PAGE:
Healthcare is moving away from the traditional paternal model, and analysts report that patients are increasingly taking ownership of their healthcare needs. Remote and virtual healthcare are gaining importance, further growing the market, as well as the technological challenge, for mobile and wearable medical devices.
Adding to this trend is the convergence of lifestyle consumer electronics products and healthcare devices. Smartphones with activity trackers, sports apps, wearables, and other products connected to the Internet of Health Things not only allow users to keep an eye on their health stats in a personalized way, but may also help the remote monitoring of patient behavior and health status for patients with chronic diseases.
Home healthcare is not the only avenue where traditional medical solutions and innovative technology connect. In September 2016, Pfizer launched its Moodivator app to supplement the treatment that patients fighting depression receive. The smartphone app lets users track their mood, set goals, and establish routines, providing them with a personalized healthcare experience. This is not the only example of pharma teaming up with med tech: in August 2016, GlaxoSmithKline and Google have started Galvani Bioelectronics, a company that aims to develop devices that harness electrical signals in the body to treat various diseases. We expect to see more examples of integrating medical research with device and software development, electronics, and data analytics in 2017.
Challenges of the Digital Health Industry
So that’s how innovative technology contributes to a change that some experts claim is a revolution in the healthcare industry. However, this wealth of new opportunities brings challenges to medical technology developers.
To start with, Google is hardly the only tech company that we’ll see entering the medical market. As emerging technologies are incorporated into healthcare, non-traditional entrants are going step in and thus shape the market and transform the roles of existing players. In order to stay competitive, established medical providers and device developers will have to gain (or hire) knowledge in these new, technology-related fields, or partner with companies that already have these skills.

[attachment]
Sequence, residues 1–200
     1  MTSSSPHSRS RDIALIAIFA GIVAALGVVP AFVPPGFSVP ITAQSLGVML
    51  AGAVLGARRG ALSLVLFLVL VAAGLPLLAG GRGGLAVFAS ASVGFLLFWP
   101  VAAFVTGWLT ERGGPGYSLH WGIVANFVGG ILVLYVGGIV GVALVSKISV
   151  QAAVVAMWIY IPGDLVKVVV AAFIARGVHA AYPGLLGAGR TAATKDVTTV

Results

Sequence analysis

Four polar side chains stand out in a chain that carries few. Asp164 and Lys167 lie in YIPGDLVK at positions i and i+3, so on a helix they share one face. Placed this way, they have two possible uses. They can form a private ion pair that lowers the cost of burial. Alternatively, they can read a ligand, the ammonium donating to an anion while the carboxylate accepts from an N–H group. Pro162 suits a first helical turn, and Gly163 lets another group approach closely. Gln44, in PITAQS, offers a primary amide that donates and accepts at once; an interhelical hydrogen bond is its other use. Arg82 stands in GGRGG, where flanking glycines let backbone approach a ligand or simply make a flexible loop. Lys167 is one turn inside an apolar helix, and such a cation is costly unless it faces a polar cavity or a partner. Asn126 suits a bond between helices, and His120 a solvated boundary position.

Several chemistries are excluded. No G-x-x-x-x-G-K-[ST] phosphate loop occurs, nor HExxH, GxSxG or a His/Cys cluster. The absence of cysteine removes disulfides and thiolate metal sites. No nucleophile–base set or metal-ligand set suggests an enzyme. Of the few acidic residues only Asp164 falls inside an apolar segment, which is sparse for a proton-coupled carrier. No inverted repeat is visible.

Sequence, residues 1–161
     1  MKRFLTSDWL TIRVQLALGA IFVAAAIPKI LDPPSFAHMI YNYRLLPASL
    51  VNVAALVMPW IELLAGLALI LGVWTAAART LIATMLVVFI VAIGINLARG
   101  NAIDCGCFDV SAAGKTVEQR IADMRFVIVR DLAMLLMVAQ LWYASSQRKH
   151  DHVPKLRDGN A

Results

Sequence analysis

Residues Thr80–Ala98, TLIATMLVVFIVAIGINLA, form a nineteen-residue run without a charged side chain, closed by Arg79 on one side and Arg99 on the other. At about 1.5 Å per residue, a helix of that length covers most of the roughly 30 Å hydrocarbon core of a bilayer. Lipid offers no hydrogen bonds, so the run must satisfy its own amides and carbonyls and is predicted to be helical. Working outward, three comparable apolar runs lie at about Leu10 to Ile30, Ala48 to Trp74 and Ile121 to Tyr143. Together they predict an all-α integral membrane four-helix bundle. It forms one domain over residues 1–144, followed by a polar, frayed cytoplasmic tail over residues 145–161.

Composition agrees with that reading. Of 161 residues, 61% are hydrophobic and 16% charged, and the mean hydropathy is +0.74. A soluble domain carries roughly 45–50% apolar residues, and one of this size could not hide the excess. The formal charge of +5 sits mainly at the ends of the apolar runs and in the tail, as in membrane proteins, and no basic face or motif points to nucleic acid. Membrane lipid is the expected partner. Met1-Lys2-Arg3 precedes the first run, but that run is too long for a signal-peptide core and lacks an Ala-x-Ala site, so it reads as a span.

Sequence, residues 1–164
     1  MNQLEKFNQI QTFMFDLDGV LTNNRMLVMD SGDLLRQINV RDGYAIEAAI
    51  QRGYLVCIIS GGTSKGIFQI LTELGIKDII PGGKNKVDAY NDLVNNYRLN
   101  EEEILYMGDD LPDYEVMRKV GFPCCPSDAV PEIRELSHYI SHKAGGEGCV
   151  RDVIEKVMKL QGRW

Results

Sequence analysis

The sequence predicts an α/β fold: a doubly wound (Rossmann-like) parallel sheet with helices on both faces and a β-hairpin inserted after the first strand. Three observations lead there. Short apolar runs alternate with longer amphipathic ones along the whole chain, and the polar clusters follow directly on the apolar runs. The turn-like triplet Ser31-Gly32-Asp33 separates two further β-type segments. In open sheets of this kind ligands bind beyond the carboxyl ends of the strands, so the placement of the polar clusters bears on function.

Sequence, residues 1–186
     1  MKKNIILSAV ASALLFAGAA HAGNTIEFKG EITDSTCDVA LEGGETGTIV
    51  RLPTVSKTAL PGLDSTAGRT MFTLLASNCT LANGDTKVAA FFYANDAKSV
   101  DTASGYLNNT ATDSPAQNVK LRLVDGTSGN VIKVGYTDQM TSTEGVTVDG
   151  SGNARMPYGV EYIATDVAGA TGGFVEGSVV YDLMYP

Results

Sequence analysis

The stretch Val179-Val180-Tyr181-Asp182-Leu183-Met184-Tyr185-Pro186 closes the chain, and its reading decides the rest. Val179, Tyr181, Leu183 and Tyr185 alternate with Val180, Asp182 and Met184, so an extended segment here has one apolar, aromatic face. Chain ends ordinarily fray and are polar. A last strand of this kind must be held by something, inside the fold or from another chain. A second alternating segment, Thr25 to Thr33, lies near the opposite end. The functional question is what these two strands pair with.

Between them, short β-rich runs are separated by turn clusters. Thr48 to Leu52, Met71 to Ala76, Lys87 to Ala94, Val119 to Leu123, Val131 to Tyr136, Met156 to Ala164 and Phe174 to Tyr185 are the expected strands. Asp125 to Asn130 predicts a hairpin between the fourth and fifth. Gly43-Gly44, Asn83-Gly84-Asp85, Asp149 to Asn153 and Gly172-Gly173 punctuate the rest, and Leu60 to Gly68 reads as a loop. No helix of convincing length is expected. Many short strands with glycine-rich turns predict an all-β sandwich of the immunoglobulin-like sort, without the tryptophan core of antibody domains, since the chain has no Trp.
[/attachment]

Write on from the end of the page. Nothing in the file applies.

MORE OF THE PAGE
Cybersecurity to Become a Key Issue
As the role of technology (software, data, but also emerging technologies such as artificial intelligence) increases in healthcare, cybersecurity and the safe management of this data become a crucial issue that developers will have to deal with. In October 2016, Johnson and Johnson had to issue a warning to its customers that one of its devices may be hacked, and we expect similar vulnerabilities to be in the news regularly.
Limited interoperability between the increasing number of medical and health-related devices that are connected to the IoT may also contribute to the growing risk of hacking and other cybersecurity threats. Regulators are well aware of this, and are working to ensure the safety of both patients and data by imposing rigorous standards on medical developers.
Changes in Regulatory Requirements
Which, of course, poses yet another challenge for developers of med tech products. Specifically, EU regulators are working on an overarching standard to replace existing medical device directives which have been in place since the ’90s. Due to the rapid pace of innovation, these documents are losing their relevance and new guidance documents are necessary to ensure patient safety. The cost of compliance with these new standards and regulations is expected to be tremendous, and developers aim to prepare for new regulations in the research & development phase of their new products.
Published at DZone with permission of Kristof Horvath. See the original article here.
Opinions expressed by DZone contributors are their own.